Global stock markets could crash in October, as by then it will be clear that the economic recovery many people pinned their hopes on will not materialize, the stimulus option will no longer be a viable one, and proprietary trading desks will decide to go short, economist and investor Enzio von Pfeil, CEO of EconomicClock.com, told CNBC.
"The economic time has to worsen and so these green shoots will morph into black shoots very badly, culminating probably in an October crash," Pfeil said.
"People will finally accept that the unemployment rates will have to keep rising, that productivity will have to keep falling," he added. That in turn will make earnings expectations "fall through the floor."
But another analyst rejected his claims, saying predictions of a crash are exaggerated. Anko Beldsnijder, senior portfolio manager at MainFirst Bank, disagreed with the October crash theory.
"A crash - I think that is, in the short term, quite difficult to see because the main problem is a lot of investors are still not in the market, are still very defensively positioned," Beldsnijder told "Worldwide Exchange" in the same segment.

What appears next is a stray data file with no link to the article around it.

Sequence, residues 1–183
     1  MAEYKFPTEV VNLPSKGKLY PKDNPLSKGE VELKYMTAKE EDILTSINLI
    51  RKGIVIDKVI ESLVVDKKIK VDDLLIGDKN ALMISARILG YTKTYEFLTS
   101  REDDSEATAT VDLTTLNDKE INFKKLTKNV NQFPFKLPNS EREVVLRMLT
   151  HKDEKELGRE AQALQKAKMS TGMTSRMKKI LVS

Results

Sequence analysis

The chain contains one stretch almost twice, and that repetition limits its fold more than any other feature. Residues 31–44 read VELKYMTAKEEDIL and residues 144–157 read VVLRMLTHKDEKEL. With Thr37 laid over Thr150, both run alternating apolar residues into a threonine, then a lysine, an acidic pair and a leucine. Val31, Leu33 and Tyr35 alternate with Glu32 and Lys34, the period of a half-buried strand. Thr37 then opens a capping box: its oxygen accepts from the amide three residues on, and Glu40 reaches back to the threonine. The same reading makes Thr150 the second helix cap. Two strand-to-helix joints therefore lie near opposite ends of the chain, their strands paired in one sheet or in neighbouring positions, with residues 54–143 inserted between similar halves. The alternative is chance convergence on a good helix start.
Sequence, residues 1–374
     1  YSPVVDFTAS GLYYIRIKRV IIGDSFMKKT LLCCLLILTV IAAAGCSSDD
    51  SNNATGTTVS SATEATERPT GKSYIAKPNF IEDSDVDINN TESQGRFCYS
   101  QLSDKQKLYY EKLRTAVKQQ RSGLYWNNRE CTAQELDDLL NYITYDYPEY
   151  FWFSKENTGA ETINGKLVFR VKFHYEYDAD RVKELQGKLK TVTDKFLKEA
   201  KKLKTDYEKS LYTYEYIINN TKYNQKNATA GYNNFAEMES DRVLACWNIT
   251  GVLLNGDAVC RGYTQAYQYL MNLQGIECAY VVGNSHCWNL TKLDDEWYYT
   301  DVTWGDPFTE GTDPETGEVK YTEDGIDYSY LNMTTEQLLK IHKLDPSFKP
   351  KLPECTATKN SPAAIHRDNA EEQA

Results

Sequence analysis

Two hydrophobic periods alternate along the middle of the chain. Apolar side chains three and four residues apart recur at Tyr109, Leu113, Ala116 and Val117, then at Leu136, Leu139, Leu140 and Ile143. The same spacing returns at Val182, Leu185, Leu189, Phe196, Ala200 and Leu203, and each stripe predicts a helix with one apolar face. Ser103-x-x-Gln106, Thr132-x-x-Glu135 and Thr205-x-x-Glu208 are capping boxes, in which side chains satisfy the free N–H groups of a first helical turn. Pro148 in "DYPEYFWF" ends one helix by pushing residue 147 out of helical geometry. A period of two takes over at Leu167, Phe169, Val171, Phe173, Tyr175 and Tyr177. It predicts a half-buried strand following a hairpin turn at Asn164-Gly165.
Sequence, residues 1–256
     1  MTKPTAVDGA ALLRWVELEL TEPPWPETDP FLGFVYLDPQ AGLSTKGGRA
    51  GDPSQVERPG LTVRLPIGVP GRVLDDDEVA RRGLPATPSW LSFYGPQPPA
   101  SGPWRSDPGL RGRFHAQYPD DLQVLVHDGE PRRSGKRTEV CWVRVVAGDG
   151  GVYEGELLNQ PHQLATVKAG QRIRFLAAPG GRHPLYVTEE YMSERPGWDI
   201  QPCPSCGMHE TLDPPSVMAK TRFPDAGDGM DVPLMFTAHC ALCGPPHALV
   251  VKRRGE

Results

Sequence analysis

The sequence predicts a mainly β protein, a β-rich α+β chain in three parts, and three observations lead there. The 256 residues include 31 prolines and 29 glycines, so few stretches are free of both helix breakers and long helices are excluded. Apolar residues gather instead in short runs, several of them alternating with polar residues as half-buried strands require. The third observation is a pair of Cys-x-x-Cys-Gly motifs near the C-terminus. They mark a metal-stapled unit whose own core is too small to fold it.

"The key problem is: who should sell for a crash, where should the main disappointment be," he added.
With a backdrop of rising unemployment and an excess supply of goods, Pfeil cited three other key reasons for expecting stocks to tank this winter.
Firstly, he thinks the much hoped-for economic recovery will not materialize and governments will be unable to keep showering the global economy with stimulus packages.
"What will become very apparent by then (October) is the so-called global recovery just is not going to happen. The governments have run out of ammunition, they cannot go on stimulating the economies," Pfeil said. "On top of which, you will find that China itself will be running out of ammunition."
The big proprietary trading desks have been making money on a bull run, but "the only thing that is going to be out there is to have major, major short positions," he added.
A third reason to expect declines in October is simply the seasonal factor, according to Pfeil.
"Stupid as it sounds, this is normally when crashes occur, in October. I cannot tell you why," he said.
The declines are set to start in the U.S. and affect Western markets more than Asia, according to Pfeil.
- Watch the full interview above.
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